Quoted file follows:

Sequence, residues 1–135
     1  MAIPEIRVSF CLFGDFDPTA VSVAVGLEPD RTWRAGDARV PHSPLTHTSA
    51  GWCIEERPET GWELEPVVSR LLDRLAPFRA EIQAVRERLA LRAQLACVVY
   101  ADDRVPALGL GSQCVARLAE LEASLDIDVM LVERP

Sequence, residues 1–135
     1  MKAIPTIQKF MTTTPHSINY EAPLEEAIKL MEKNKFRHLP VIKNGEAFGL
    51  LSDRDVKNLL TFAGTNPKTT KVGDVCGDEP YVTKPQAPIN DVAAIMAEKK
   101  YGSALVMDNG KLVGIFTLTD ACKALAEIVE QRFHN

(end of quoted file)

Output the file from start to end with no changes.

Sequence, residues 1–135
     1  MAIPEIRVSF CLFGDFDPTA VSVAVGLEPD RTWRAGDARV PHSPLTHTSA
    51  GWCIEERPET GWELEPVVSR LLDRLAPFRA EIQAVRERLA LRAQLACVVY
   101  ADDRVPALGL GSQCVARLAE LEASLDIDVM LVERP

Sequence, residues 1–135
     1  MKAIPTIQKF MTTTPHSINY EAPLEEAIKL MEKNKFRHLP VIKNGEAFGL
    51  LSDRDVKNLL TFAGTNPKTT KVGDVCGDEP YVTKPQAPIN DVAAIMAEKK
   101  YGSALVMDNG KLVGIFTLTD ACKALAEIVE QRFHN